The Three Trinities

Most everyone is familiar with the Christian idea of the Trinity, composed of the Father (God), the Son (Jesus), and the Holy Spirit.

But there is a trinity within Judaism, as well: the trinity I am thinking of is the relationship between God, Israel, and the Messiah.

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Christianity concentrates on the relationship between God the Father and Jesus the son, with the Holy Spirit being given to each individual who accepts Yeshua as their Messiah so that they can join that relationship. In Judaism, God doesn’t see the individual as much as he sees all individuals, collectively as one nation, Israel. The Messiah’s role in this relationship is as God’s High Priest to the nation, bringing them back into communion with God by re-establishing the kingdom of David, rebuilding the temple and thereby bringing back the sacrificial system so we can be forgiven of our sins, in accordance with the Torah.

The main difference between the Christian trinity and the Jewish trinity is how the relationship with God is formed: Christians see their relationship as a personal one with the Messiah, through whom they have a relationship with God. Judaism sees itself as having a national relationship with God where the Messiah serves everyone as High Priest and King.

The one thing they have in common is that they are both looking at this from a human-to-God order, meaning that even though God sends the Messiah, our relationship is from humans through the Messiah to God.

I see a third trinity, one which is not us to God, but from God’s down to us.

And this trinity doesn’t include the Messiah or the Holy Spirit, but simply God and humanity.

In Genesis 22:18, God told Abraham that the entire world would be blessed by his descendants. A couple of hundred years later (in Exodus 19:6), God gives his Torah to Moses (this is the ONLY place in the entire Bible where God dictates, directly, how he wants us to worship him and how to treat each other) and he tells Moses to teach it to the Israelites because they will be his (God’s) nation of priests.

So far, we have seen two parts of the trinity: God will bless the world through Abraham, and through Moses gives us his instructions on how to act and charges the nation of Israel to learn them and teach them to the world. Now for the third part.

In Deuteronomy 28, God promises the Israelites (and, consequently, the world) all the blessings they will receive when they follow the instructions in the Torah.

So, God chooses a man through whom all the world will be blessed, then gives that man’s descendants (the bringer of the blessings) the instructions for how to receive those blessings, charging them to be priests to the world. Finally, God tells us exactly what those blessings will be when we do as he says.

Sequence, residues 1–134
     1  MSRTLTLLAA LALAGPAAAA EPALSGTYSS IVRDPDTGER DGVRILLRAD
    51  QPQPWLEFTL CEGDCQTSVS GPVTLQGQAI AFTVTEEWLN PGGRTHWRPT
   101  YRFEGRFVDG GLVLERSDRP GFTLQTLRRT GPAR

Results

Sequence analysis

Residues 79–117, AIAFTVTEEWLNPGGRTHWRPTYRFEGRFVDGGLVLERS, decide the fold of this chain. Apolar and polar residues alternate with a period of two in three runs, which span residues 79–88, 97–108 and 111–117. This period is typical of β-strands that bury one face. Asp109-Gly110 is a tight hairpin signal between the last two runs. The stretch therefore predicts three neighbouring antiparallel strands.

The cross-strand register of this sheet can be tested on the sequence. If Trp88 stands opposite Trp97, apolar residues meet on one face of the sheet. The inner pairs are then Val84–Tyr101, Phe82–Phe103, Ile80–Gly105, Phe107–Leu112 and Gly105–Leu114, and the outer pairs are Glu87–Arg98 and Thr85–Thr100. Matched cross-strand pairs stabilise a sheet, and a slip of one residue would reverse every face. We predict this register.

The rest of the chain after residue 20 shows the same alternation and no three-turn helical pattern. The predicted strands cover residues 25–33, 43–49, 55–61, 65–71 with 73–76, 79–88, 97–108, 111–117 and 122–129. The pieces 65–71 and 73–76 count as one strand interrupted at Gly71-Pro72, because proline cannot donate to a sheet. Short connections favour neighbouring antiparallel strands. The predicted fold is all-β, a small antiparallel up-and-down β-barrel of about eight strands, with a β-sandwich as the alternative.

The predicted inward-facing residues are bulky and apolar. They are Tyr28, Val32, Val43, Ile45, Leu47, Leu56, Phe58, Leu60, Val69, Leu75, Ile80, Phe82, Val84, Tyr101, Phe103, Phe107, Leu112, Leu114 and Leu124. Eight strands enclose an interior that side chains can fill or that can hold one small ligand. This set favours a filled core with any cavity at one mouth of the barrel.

This, to me, is the ultimate trinity: (1) God’s promise to bless the world, (2) he gives his instructions to his chosen people to bring to the world, and (3) through obedience to those instructions we receive the blessings.

This is a little complicated, so let’s go over it one last time:

Christians see a trinity of God to Messiah to people, with the Holy Spirit acting as a means to communicate what God wants us to do. Jews see God and the nation of Israel, with the Messiah acting as an intermediary to bring that nation back into communion with God.

I see a trinity where God chooses a man whose descendants become a nation of priests to bring God’s instructions to the world in order for everyone who obeys them to be blessed.

The problem with my proposed trinity is that it never worked out that way, which is why God had to send the Messiah. He sent him first to the Jews to get them back on board, then allowed him to go to the rest of the world. After all, Yeshua (Jesus) is a descendant of Abraham and one of the Nation of Israel, which is who God promised would bless the world. Yeshua is the epitome of the Cohen HaGadol, the High Priest, to both Israel and the world; and what better blessings could there ever be than the one God sent with his Messiah- eternal peace and joy?

Three trinities, three different forms of relationship between God and humanity, and none of them able to be accomplished until God sent Messiah Yeshua. But, when all is said and done, all three result in the same end product: communion with God and eternal joy and peace.

Thank you for being here and please share these messages with everyone you know. Subscribe to both my website and YouTube channel and check out the books I have written (I just finished my 4th book, which debunks the traditional lies about Yeshua) and “Like” my Messianic Moment Facebook page. I also have a Facebook discussion group called Just God’s Word which anyone can join.

And one more thing: I always welcome comments, even if you disagree.

That’s it for now, so l’hitraot and Baruch HaShem!

Comments welcomed (just be nice)